Onboard the CFO :
Linking revenue achievement or key account targeting issues to the CFO’s scope requires a minimum of creativity. If you make it right, and avoid far fetched approaches that may go awry, you win. Almost. As the saying goes : beauty is the eye of the beholder. Speaking about aphorisms, here is another: « people buy from people”. When highlighting the sales discipline and reliability enforced by your CRM, you touch on predictability and accuracy Forecast accuracy is important to a CFO for sure, but a CFO is not an accountant.
Hence the need to link your approach to a critical and personal issue : forecast accuracy is a question of credibility toward CEOs and shareholders whose trust determines the share price. Forecasting is no longer the issue in itself. the problem relates to corporate survival (critical) and keeping one’s job (personal). While addressing his or her personal reasons to act or buy, you activate the levers to onboard the CFO. The reason to buy is no longer only rational but becomes emotional.
Speaking the CFO language:
Selling to the CFO requires one skill : comfort with power. Your investment in learning and your marketing department efforts will help get your the right to talk to the CFO and monitor the basics of the conversation. However, if your are nervous or tense, if you lose composure each time you have an opportunity to speak to a board member, or conversely sorely lack humility, work out your soft skills. Secondary soft skills such as confidence, how elusive they may sound, can be improved.. Primary skills such as ambition or growth mindset are harder to hone or acquire.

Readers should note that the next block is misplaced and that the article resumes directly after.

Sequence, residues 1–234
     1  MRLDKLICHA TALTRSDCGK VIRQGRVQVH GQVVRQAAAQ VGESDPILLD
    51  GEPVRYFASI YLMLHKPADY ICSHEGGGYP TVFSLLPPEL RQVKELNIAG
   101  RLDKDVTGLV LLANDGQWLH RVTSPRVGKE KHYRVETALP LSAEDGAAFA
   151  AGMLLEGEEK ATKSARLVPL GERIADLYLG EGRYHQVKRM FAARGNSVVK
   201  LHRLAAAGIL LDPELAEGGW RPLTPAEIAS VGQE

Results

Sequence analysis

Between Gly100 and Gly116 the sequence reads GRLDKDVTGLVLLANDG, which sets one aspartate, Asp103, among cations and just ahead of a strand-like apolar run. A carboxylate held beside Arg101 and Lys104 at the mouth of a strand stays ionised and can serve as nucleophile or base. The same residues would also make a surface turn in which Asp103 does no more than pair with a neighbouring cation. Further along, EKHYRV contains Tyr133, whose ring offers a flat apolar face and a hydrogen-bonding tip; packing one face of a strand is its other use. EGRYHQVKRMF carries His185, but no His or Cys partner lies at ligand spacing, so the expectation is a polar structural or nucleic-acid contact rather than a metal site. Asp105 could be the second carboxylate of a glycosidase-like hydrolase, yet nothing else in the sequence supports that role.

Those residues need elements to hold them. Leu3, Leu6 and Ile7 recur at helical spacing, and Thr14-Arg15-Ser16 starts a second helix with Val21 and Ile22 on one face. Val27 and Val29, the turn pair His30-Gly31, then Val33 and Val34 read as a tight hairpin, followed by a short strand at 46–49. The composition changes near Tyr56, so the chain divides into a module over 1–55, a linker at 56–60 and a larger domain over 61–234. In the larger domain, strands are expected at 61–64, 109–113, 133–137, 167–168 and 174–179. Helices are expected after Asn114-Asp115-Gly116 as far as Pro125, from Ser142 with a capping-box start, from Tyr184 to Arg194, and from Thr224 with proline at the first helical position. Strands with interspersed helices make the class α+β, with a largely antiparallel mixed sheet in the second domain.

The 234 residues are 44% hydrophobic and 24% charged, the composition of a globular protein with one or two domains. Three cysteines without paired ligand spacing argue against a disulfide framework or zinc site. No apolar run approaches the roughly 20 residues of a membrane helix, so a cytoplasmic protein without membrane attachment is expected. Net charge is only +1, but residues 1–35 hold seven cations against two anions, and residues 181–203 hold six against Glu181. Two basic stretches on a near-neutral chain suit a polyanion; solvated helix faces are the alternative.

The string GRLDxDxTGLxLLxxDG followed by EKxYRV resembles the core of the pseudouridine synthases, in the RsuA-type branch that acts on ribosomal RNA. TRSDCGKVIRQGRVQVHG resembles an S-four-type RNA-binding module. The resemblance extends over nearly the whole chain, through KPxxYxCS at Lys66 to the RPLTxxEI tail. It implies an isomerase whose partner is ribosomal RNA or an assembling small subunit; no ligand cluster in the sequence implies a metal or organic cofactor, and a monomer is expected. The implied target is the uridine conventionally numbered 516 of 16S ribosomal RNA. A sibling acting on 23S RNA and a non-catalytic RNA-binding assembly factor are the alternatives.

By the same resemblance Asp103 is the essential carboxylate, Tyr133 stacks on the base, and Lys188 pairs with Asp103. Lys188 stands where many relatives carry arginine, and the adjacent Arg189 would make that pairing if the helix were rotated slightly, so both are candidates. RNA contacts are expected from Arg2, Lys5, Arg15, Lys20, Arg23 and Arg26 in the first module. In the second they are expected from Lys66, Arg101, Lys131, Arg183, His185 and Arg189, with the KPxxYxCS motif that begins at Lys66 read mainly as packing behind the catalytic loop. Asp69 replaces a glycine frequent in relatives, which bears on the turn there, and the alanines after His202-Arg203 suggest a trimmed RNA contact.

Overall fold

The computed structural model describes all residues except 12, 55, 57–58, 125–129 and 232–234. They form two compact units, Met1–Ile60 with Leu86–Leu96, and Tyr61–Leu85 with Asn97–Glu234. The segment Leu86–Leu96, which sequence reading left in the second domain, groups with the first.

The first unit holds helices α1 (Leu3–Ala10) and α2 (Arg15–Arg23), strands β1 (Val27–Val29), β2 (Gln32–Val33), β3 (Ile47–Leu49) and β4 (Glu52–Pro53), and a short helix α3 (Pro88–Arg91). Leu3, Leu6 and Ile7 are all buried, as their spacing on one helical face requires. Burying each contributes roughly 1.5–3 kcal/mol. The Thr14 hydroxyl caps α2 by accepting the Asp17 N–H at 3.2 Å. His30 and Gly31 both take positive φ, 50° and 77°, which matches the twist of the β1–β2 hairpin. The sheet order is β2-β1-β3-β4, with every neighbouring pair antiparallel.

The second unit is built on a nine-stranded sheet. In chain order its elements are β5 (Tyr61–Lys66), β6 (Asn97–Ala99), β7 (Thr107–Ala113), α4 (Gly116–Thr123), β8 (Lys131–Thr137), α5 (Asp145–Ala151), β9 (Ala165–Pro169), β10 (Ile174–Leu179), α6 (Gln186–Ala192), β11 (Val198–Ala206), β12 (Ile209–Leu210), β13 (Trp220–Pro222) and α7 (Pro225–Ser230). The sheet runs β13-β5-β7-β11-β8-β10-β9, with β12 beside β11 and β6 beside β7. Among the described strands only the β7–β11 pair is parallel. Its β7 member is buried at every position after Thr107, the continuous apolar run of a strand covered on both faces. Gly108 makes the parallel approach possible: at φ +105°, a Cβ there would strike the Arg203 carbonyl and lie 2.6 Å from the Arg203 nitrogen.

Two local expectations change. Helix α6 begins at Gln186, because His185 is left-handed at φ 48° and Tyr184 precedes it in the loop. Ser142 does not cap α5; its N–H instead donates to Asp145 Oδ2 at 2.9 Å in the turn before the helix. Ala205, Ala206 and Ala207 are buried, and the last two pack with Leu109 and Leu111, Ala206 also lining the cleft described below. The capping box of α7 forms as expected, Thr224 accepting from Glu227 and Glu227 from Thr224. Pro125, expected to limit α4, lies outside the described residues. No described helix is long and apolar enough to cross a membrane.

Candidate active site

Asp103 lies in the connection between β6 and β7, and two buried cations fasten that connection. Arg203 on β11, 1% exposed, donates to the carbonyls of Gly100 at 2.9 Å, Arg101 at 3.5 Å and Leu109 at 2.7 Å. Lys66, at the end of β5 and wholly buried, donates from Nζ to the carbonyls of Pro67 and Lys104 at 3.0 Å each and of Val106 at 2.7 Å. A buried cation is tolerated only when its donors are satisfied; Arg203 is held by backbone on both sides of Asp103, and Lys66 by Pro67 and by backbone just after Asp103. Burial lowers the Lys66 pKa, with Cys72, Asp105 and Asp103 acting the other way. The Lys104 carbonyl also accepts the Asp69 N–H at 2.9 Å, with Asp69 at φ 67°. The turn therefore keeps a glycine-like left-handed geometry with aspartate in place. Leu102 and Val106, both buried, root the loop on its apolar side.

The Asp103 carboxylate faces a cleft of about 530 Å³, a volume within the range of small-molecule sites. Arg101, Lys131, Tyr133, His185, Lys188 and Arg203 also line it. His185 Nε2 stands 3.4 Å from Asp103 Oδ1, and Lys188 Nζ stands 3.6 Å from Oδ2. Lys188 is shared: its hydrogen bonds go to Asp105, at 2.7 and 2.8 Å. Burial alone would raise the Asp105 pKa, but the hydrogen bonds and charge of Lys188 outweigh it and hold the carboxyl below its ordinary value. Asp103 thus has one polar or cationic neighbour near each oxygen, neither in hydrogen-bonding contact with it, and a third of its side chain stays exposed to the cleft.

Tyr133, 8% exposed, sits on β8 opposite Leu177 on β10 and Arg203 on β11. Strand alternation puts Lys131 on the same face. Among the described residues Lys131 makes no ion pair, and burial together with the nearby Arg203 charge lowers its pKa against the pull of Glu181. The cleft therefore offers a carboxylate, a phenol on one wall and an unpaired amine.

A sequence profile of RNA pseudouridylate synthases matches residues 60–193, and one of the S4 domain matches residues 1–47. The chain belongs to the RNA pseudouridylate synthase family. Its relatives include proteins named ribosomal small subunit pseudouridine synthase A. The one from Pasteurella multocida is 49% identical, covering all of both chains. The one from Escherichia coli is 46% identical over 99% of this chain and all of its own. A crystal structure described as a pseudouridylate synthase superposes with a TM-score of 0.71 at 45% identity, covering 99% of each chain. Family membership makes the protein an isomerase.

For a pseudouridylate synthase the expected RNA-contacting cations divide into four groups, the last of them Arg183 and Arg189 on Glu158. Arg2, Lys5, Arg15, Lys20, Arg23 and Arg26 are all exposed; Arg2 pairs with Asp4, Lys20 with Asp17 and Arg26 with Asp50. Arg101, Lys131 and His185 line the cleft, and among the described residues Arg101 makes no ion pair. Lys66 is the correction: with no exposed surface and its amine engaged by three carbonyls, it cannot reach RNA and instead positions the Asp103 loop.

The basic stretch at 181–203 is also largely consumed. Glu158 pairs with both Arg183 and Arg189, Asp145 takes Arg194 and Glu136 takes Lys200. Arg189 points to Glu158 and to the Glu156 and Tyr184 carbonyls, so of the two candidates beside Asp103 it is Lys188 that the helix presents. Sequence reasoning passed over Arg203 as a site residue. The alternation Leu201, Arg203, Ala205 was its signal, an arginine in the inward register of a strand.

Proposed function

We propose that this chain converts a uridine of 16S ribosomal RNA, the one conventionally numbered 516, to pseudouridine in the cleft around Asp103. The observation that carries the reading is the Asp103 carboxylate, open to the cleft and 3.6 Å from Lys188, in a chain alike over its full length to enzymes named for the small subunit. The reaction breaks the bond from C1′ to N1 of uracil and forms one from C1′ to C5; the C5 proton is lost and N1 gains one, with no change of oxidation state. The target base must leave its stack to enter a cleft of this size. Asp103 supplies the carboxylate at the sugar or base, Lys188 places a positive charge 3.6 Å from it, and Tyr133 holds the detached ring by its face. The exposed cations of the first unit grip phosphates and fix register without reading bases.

The CFO profile is too often summarized around characteristics such as risk aversion and rational analysis. Sales reps are therefore equipped to address the “C” (compliant) of their personality traits. The ones rooted in figures and facts, rigor and analytical thinking. That’s OK, but we should bear in mind CFOs are people with power, and therefore “Ds” like Dominant. They do like ROI approaches based on facts and figures but they also love large scale and bold challenges and opportunities. As far as risk are under control.
Speaking to the CFOs requires knowing their metrics and idiom. Confusing payback (months or years) and ROI (percent), or leading with an overoptimistic ROI of hundreds percent will qualify you out. If you talk about value, make sure you can prove it through a credible and collaborative approach and that the final value delivered is mutually agreed. Speaking of value, when pitching your value proposition, do not get into features and functions: highlight what you do, a couple of relevant customer references – if possible in the same industry – the benefits, and the quantified impact.
On ROI, think always cash flow in minus cash flow out. Assuming that a euro spent today does not have the same value as a euro spent in the future, use discounted cash flow and net present value. This will make you “cost of doing nothing” or “cost of delay” approaches more convincing.
Want to know more?
Think. Good selling.